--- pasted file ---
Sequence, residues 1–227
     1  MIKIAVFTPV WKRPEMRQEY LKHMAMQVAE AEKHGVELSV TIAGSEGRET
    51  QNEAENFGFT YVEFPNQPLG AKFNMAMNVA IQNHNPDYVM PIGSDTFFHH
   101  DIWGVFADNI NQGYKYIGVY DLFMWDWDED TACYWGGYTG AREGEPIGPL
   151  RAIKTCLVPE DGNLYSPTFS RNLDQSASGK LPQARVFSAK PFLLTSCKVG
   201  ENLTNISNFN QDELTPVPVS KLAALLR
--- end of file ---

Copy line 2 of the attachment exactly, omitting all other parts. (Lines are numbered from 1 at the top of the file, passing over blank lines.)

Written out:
     1  MIKIAVFTPV WKRPEMRQEY LKHMAMQVAE AEKHGVELSV TIAGSEGRET